I was following a thread on Mars ISRU
http://forum.nasaspaceflight.com/index.php?topic=29820.0

which basically led me to the conclusion, that algae cultivation would be the way to go for Mars. I was looking for info on algae as food and got pointed to this thread. A knowledgeable forum....

Apparently Tilapia have a feed conversion ratio of 1.5 or so, compared to about 2 for factory farmed chicken (not sure if they can be fed 100% algae - and they're now banned in the EU. Free range chickens are much less efficient as they do running about etc).

Given algae can yield about 20 times better than the best conventional crops (potato?), it means that Tulipa (and maybe chickens) can yield about 10 times normal crops. And the other benefit is that algae lends itself to continuous fluid processing: Waste, CO2, and some nutrients in at one end of the tube, fish food tablets out the other end.

Now if there was some way to convert the algae into a tasty vegetable, which we can eat more than 100g of? I suppose mushrooms can do this without additional energy?

So we have Fish, chicken, mushrooms, and some seaweed to eat. Not in space, but on any surface where water and sunlight is present.
« Last Edit: 03/22/2013 03:13 PM by alexterrell »

Online guckyfan

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Re: Algae for space food
« Reply #35 on: 03/23/2013 05:03 AM »

Now if there was some way to convert the algae into a tasty vegetable, which we can eat more than 100g of? I suppose mushrooms can do this without additional energy?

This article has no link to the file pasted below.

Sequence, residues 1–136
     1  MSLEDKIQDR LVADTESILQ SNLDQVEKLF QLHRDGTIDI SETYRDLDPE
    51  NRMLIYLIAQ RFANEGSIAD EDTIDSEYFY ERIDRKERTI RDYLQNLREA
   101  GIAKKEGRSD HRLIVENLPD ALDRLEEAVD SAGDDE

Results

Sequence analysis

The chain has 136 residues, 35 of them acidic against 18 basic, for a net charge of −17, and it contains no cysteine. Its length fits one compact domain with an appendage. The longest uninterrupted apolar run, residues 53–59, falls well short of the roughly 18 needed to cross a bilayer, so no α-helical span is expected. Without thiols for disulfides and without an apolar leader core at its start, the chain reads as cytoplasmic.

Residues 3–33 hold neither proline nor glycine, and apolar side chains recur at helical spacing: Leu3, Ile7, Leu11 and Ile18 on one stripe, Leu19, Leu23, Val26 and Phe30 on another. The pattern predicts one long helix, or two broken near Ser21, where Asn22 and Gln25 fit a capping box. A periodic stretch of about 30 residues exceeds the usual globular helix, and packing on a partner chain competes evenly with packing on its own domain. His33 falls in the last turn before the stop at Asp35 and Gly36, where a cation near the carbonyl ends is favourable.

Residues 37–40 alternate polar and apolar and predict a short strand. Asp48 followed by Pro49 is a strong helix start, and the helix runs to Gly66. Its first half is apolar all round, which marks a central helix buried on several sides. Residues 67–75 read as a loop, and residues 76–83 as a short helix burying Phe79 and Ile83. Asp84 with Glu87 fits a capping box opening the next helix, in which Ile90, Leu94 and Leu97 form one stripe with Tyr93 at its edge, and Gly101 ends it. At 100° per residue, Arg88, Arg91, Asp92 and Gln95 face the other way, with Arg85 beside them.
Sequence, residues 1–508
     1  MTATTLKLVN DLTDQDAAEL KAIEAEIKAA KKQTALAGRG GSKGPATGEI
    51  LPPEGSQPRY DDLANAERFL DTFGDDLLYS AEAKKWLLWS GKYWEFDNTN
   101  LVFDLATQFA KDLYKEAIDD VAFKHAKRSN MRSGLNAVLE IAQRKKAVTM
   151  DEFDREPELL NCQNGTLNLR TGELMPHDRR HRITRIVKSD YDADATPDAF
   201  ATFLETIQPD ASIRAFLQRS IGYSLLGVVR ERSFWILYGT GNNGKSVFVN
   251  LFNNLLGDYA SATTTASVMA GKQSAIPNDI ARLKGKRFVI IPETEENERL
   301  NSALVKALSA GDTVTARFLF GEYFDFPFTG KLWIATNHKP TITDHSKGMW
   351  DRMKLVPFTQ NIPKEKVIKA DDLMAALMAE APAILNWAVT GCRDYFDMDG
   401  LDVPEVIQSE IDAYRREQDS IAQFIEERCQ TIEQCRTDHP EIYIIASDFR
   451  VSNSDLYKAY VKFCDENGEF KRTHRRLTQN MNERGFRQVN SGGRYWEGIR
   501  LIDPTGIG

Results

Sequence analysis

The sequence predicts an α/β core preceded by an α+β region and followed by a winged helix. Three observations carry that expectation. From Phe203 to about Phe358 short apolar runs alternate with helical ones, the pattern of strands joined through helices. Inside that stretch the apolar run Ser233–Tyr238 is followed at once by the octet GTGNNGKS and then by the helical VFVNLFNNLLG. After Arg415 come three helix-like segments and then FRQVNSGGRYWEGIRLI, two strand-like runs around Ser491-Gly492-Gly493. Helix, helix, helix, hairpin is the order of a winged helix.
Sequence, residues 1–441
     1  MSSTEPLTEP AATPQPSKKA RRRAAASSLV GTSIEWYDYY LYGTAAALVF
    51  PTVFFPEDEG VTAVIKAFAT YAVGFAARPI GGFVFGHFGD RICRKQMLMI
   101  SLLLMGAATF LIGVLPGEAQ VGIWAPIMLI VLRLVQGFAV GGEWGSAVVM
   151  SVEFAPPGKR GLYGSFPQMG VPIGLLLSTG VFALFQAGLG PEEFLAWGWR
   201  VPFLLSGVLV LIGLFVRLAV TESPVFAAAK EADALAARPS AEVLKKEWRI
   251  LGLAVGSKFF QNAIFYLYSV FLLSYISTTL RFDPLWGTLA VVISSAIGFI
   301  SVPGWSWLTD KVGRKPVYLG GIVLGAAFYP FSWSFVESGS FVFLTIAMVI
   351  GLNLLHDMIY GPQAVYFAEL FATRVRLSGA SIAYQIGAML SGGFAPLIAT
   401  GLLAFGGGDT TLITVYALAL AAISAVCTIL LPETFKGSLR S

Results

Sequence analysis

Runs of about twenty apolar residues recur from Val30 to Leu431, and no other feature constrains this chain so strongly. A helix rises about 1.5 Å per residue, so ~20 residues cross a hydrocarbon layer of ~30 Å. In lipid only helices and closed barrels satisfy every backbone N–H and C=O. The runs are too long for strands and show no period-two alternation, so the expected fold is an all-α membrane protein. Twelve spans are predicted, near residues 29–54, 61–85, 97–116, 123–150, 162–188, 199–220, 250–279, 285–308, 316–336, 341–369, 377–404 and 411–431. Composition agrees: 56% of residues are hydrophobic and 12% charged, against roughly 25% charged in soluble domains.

I think vegetables can and will be grown on Mars. They are quite fast growing, just not a lot of calories. So the space required to grow them and things like onions, garlic and herbs is not that big. So that is not what algae should replace.

Algae will IMO however replace staple foods like wheat, corn, sunflower. That is where we get the bulk of our calories from (aside from meat). It is not state of the art but bioengineering is advancing rapidly. Algae will be processed into protein, oil and starch.

Starch with some variants of proteins will make flour. Grow the required proteins with bioengineered bacteria or funghi, mix them with starch and you have a suitable replacement for flour. That gives you noodles, bread. You may also be able to produce a suitable replacement for instant mashed potatoes and other products.

Oil, proteins will make a substitute for milk. If designed for it that can be the base for milk products like cheese.

Protein directly from algae and from funghi can be processed into meat substitutes.

All of these things will taste differently to the products we are used to. But taste is acquired so people will adjust.

In case of emergencies, algae products can feed humans directly with everything needed to keep healthy. Very efficient but not very desirable I imagine so really only suited for emergencies.

BTW, the oil of algae is very high quality. The health value of fish oil is known. But it is not the fish producing it, they get it from the algae they eat.

Offline Hernalt

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Re: Algae for space food
« Reply #36 on: 03/23/2013 04:12 PM »
1. Have some tilapia, from a supermarket, produced under the lowest input, lowest maintenance conditions that the profit motive can achieve.
2. You are not allowed to use any other additives, ingredients or spices, not even salt.
3. Read up on tilapia.
4. Post again on the topic of tilapia and share your findings.

Online guckyfan

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Re: Algae for space food
« Reply #37 on: 03/23/2013 06:47 PM »
1. Have some tilapia, from a supermarket, produced under the lowest input, lowest maintenance conditions that the profit motive can achieve.
2. You are not allowed to use any other additives, ingredients or spices, not even salt.
3. Read up on tilapia.
4. Post again on the topic of tilapia and share your findings.